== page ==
Facts about the two museums
Norway: The Art Industry Museum (Kunstindustrimuseet) was founded in 1876. It was one of the oldest museums in Norway and among Europe’s oldest art industry museums. In 1904, the museum moved into the building in St Olavs gate, designed by Bredo Greve (1871–1931) and Ingvar Magnus Olsen Hjorth (1862–1927). In 2003, the museum became part of the National Museum of Art, Architecture and Design. The museum closed in autumn 2016. The objects from the museum can be seen again in the new Nasjonalmuseet, which is opened in 2022.
Denmark: The Art Industry Museum ( Det Danske Kunstindustrimuseum) was established in 1890. In 1894, Vilhelm Klein’s building was inaugurated next to the Industrial Association on Rådhuspladsen in Copenhagen, and the following year it was open to the public. In 1926, the museum moved to the current buildings, the Royal Frederiks Hospital in Bredgade (built 1752-1757). In 2011, the museum changed its name to Designmuseum Denmark.
Source: Den Store Danske
After ten years of planning and six years as a construction site in central Oslo, Norway’s new National Museum threw open its doors in June 2022. ‘The grey box’ has received both praise and criticism. The largest museum in Northern Europe is monumental, elegant and expensive, with marble lavatories and extravagant detailing in dark oak. At a price tag of around 6.1 billion Norwegian kroner, the new National Museum is a major investment for the Norwegian state. The permanent exhibition, ‘The Collection’, consists of six main presentations, with the former Museum of Decorative Arts and Design – which closed back in 2016 in order to prepare for the move – now represented in two collections: ‘Design before 1900’ (Rooms 1–18) and ‘Design and crafts from 1900 to the present’ (Rooms 19–31).
In Oslo, the design exhibitions are chronologically arranged, and the audience is guided through a presentation of Western design history that aims to capture the full scope of the design concept. Visitors encounter a wide variety of object types: Roman jugs of unknown provenance, 18th-century plaster copies, needlework samplers with rococo ornamentation, mass-produced matchboxes, rifles from Norwegian weapons manufacturers, Norway’s election system (service design) and video clips from digital game design. A large number of objects from visual culture serves to contextualize the design exhibits, including photographs, art, advertisements, discursive books on design and posters from design exhibitions. Most of the older objects have long been a part of the collection at the Museum of Decorative Arts and Design, while about one third of the objects in the exhibition from the 20th century are new acquisitions.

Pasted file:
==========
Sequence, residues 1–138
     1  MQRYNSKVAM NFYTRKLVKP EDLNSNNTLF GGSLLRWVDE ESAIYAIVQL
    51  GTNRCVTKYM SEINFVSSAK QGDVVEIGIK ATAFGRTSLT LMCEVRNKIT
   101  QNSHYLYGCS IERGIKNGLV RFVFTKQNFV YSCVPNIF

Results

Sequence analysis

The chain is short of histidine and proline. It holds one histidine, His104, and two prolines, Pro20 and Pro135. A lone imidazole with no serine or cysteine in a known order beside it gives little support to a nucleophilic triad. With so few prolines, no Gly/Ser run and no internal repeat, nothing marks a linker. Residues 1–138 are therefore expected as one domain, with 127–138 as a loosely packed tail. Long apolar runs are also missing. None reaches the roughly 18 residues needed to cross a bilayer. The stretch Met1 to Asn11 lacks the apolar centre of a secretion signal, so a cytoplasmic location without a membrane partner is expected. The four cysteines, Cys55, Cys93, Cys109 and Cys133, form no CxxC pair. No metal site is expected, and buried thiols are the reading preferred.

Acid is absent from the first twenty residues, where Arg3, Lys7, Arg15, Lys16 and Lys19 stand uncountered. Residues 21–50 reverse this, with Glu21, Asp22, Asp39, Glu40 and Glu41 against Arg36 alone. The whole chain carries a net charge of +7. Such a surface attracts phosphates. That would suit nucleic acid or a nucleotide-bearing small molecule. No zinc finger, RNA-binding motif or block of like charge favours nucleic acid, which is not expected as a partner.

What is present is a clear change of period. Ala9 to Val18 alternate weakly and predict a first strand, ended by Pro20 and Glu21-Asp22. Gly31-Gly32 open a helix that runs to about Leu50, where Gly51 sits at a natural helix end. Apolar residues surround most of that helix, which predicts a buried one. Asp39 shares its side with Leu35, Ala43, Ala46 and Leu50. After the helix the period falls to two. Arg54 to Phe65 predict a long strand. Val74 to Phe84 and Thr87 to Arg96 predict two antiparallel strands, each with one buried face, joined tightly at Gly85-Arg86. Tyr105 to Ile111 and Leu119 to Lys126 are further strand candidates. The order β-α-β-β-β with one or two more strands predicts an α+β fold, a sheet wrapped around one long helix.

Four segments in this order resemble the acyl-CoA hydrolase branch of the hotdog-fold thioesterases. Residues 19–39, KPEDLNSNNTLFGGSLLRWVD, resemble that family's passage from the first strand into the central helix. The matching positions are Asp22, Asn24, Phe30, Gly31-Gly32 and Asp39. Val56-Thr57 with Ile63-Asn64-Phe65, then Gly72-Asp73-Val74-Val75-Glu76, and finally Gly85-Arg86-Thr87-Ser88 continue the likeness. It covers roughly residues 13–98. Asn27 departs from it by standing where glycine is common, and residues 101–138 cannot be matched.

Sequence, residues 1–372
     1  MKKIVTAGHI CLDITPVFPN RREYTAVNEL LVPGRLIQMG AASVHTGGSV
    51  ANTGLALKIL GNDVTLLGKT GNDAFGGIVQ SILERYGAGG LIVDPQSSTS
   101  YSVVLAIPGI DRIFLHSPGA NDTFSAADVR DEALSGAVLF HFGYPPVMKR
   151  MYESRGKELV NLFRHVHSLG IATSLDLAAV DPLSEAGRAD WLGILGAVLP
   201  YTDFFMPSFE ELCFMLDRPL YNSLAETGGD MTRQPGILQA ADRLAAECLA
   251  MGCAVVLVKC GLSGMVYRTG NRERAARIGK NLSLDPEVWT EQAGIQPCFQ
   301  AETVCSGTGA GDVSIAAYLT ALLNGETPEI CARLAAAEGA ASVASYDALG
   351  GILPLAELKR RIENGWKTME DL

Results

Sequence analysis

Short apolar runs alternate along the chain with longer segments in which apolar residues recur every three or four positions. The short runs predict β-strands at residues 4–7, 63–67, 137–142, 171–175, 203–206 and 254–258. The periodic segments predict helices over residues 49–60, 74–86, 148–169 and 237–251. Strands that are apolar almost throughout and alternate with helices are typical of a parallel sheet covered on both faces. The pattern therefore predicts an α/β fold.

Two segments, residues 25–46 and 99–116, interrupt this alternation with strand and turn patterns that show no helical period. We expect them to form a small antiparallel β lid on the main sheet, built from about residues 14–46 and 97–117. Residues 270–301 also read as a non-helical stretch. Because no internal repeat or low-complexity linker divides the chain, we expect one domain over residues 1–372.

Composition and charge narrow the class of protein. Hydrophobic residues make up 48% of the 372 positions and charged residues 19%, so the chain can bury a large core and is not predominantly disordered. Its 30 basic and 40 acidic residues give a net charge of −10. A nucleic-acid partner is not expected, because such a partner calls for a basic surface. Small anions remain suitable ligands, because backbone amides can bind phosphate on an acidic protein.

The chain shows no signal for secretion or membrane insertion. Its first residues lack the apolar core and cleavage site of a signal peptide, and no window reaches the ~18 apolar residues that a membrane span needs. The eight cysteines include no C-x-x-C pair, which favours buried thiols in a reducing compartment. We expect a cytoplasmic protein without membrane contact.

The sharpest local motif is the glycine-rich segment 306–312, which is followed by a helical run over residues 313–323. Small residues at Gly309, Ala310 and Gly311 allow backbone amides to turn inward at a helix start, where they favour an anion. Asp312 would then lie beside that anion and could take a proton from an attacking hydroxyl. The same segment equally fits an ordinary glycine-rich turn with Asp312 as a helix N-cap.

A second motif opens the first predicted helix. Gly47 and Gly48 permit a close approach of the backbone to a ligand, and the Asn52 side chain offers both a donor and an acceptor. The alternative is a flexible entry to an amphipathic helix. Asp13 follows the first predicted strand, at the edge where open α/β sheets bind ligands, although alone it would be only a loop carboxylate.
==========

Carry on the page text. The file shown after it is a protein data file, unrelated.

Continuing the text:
In Copenhagen, a completely transformed museum has now opened after two years of extensive renovations to the rococo building, the former Frederiks Hospital. In Denmark too, visitors follow a pre-defined path through the museum, but while the design exhibitions in Oslo begin with Greco-Roman culture, Designmuseum Danmark begins with the future.
The first item in the exhibition becomes a key object for understanding the museum as a whole. An original wooden museum display case frames a rectangular box made up of screens that present a digital narrative in a cartoon format. This first object both presents and operationalizes the status of the design field today.
Graphic design is used to visualize complex questions about the dual role of the design field as a catalyst of Western mass consumption and a tool for a radical transition to a sustainable circular economy. Similar questions might be raised about the dual role of the design museum in 2022.